Gareth's Tips

Smithsonian Open Access Project

Gareth's Tips, Tools, and Shop Tales - Issue #38

My history of cyberpunk series continues on Adafruit. You can see the content to date on this link.
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Do you have my book, Tips and Tales from the Workshop? You can buy it here.
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Tips? Tools? Tales? You know where to find me.

Smithsonian Open Access Project

Thousands of scans to download and use in projects.

Thousands of scans to download and use in projects.

“People everywhere can now download, remix and share Smithsonian Open Access content for any purpose, for free, from portraits of historic Americans to 3D scans of dinosaur fossils. What will you create, imagine and discover?” When I toured the digital design lab at the Smithsonian’s Office of Exhibits Central nine years ago, the staff talked about this as a future fantasy. So wonderful seeing it come to fruition.

Caster “Collars” for Your Mobile Benches

Keep cords and other entanglements from your cart wheels with PVC collars.

Keep cords and other entanglements from your cart wheels with PVC collars.

Dave Wilkins, in the FB group, Shop Hacks (private, ask to join), shared this brilliant idea. He saw a guy’s shop table where he was using plastic collars around his casters to prevent his table from getting tangled in power cords. The above image is of Dave’s clamp cart using pieces of 6” PVC for his collars.

Using Magnets to Catch Filings from Drilling

Image from Family Handyman magazine.

Image from Family Handyman magazine.

Here’s a great idea from Family Handyman. When drilling holes in ferrous material, place a magnet near the drill and it’ll catch the shavings as they are generated. Place the magnet in a bag for even easier clean-up of the filings when you’re done.

TOYS! Heat-Set Inserts Tool

The right tool for the job.

The right tool for the job.

I’ve written about using threaded brass inserts for 3D prints that need to be screwed/unscrewed. To heat the inserts, you can just use the tip of your soldering iron. But there are also dedicated heating tips for your iron that are the correct diameter for the inserts.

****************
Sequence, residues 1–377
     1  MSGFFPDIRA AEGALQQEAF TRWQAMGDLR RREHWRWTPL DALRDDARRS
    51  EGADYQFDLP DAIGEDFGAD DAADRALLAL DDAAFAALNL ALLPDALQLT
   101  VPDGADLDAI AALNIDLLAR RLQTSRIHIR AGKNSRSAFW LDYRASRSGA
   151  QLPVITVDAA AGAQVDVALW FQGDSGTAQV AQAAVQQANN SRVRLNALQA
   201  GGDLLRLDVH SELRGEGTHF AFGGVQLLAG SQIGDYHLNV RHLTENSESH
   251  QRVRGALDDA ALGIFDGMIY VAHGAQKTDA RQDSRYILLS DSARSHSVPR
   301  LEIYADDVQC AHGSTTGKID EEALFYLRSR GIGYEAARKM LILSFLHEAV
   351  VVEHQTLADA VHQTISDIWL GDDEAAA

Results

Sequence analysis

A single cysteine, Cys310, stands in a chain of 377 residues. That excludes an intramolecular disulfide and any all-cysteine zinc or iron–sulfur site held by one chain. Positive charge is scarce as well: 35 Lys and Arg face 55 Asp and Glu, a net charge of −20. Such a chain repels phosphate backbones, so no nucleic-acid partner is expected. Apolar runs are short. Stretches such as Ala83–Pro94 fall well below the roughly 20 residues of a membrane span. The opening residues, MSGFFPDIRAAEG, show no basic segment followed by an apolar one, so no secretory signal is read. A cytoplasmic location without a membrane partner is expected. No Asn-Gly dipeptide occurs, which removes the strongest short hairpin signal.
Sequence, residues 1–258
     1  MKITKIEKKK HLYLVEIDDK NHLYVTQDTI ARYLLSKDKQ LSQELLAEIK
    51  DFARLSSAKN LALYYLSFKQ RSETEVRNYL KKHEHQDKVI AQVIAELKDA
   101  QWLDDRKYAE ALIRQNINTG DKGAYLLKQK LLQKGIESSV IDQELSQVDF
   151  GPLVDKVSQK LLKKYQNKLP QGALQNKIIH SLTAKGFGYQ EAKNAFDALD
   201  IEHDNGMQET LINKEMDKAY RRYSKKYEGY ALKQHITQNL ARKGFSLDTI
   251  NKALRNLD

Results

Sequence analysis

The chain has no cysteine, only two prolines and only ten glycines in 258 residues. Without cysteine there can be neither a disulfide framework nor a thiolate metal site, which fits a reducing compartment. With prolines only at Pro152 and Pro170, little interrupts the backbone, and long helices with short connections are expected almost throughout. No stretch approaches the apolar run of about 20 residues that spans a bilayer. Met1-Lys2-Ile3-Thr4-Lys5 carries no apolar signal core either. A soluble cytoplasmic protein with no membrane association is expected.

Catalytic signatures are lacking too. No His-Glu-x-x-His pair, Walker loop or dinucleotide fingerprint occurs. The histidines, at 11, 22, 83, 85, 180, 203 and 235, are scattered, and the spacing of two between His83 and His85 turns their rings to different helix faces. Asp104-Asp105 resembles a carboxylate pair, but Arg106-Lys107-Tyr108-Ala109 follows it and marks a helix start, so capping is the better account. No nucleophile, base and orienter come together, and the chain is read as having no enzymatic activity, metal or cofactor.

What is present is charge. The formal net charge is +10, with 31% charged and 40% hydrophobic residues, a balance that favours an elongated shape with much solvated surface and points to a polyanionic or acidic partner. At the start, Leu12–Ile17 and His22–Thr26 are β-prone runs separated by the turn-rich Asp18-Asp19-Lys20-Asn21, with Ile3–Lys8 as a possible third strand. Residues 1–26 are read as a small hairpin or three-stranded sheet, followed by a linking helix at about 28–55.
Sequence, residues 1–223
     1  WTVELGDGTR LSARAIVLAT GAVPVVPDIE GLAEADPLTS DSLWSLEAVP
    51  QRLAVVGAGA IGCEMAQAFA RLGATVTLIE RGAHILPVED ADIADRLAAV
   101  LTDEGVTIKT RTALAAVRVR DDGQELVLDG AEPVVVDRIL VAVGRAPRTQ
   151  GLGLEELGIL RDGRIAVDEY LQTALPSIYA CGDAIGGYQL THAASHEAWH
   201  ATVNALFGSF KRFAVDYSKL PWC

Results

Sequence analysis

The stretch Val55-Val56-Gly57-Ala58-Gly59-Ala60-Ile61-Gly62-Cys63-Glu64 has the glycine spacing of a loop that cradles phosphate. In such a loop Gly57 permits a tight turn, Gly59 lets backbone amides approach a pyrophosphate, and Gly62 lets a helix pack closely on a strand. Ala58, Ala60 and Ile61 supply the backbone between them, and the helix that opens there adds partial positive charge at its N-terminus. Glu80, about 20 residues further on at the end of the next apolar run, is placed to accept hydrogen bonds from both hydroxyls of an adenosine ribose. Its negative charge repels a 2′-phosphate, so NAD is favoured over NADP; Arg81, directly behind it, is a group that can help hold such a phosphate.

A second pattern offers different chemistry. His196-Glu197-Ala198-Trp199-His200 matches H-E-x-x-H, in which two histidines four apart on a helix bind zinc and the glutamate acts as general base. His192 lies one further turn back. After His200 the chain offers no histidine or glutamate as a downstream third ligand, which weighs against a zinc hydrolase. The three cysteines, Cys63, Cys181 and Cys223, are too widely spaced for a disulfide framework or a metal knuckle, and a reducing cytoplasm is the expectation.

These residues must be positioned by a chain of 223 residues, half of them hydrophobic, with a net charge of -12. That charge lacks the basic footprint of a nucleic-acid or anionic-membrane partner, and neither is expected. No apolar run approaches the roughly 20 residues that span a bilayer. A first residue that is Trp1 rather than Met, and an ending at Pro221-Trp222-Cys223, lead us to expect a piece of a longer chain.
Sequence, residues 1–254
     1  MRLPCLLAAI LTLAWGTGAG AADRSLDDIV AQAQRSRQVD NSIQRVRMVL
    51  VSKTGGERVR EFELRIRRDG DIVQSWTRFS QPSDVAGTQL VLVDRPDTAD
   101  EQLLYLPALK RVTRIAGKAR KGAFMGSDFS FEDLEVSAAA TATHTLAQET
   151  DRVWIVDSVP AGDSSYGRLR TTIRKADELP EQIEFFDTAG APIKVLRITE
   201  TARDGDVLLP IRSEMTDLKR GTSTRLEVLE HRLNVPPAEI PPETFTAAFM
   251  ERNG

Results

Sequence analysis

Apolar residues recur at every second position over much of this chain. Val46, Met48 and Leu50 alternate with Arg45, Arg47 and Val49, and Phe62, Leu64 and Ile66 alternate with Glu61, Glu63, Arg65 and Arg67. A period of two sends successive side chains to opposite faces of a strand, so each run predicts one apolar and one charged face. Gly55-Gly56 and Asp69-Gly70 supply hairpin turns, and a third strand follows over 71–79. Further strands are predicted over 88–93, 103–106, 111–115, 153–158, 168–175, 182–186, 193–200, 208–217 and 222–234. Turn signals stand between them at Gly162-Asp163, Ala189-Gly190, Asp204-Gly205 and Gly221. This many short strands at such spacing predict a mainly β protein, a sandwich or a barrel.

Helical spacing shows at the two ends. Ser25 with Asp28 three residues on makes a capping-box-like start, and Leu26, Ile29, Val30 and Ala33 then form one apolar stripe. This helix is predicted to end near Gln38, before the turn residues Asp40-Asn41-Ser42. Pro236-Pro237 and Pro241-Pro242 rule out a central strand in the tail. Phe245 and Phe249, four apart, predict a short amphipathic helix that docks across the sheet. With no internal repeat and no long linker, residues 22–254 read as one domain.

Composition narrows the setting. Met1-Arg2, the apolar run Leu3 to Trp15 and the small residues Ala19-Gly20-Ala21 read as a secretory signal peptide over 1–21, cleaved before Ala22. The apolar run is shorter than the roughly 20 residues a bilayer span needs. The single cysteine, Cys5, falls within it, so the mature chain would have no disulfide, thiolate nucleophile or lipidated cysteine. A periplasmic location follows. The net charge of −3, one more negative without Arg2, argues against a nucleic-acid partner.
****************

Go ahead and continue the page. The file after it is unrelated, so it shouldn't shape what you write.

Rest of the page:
Making Tough Sanding Strips for Hand Sanding and Rounding

Making your own bendy sanding strips for those hard-to-reach places.

Making your own bendy sanding strips for those hard-to-reach places.

In his latest Graz Makes video, my pal John Graziano gives a wonderful little knife-making 101 as he fashions a beautiful stone-washed kitchen knife out of 1095 steel. In the video, Graz shares a great sanding tip. You can make durable sanding strips for sanding curves and other rounded/odd shapes by cutting 1″ strips of sandpaper and then backing them with 1″ fiberglass-reinforced postal tape. You can see him applying the technique at 17:53 in the video.

Making a Router Jig for Cutting Circles

That's not a tiny banjo, that's Adam's circular routing jig.

That’s not a tiny banjo, that’s Adam’s circular routing jig.

In a recent One Day Build, where Adam Savage builds himself a poker table, he shows off a simple jig he made that attaches to the base plate of his router and is marked at 1″ intervals for the center pivot point. Like most Savage videos, there are lots of other great tips in here, like kerfing wood to create curves, a recommendation for a 22-gauge nailer, the wonders of biscuit joiners and wood glue, some smart safety tips, and more.

Life Hack: Multibag Your Trash

This might be more about me and my own eccentricities, but I loath emptying the trash and especially putting a new bag/liner in the can. I just realized that I can put 3 or 4 bags in at the same time and then just remove the inner bag to empty. This is also helpful if there’s a leak in one bag. I especially like doing this for bathroom trashcans. OK, maybe this is just me. Moving along…

Shop Talk: We Get Letters

Adequate shop light for under $50 and less than 30 minutes of work.

Adequate shop light for under $50 and less than 30 minutes of work.

Michael Una: “Just wanted to let you know that I read about LED shop lights in the last issue, immediately ordered them, and installed them in my garage workshop this past weekend. They’re great and I love them. Huge thanks for the tip. My shop lighting has always been non-ideal and that is no longer the case. The LED strips are so lightweight that it’s super easy to just zip-tie them anywhere. Took me like less than half-an-hour to mount all 6 of them to cover my entire (half-garage) shop. It was super satisfying. For the one over my bench (pictured here), I already had a fluorescent ballast mounted there. The bulbs had recently burned out, so I just unplugged it and zip-tied the LED tube to it. Convenient and expedient :)”

Reader Steve: “One thing to add to the ‘Label Your Warts’ article, also label which is positive and negative and the output power. I’ve been able to use old warts for products that didn’t come with them or I couldn’t find its original wart. When I get rid of broken items, I keep the warts.”

Another reader, Liam Greenwood, suggested marking the warts with silver Sharpies (instead of printed labels).
03/19/20

(Gareth’s Tips, Tools, and Shop Tales is published by Cool Tools Lab. To receive the newsletter a week early, sign up here. — editors)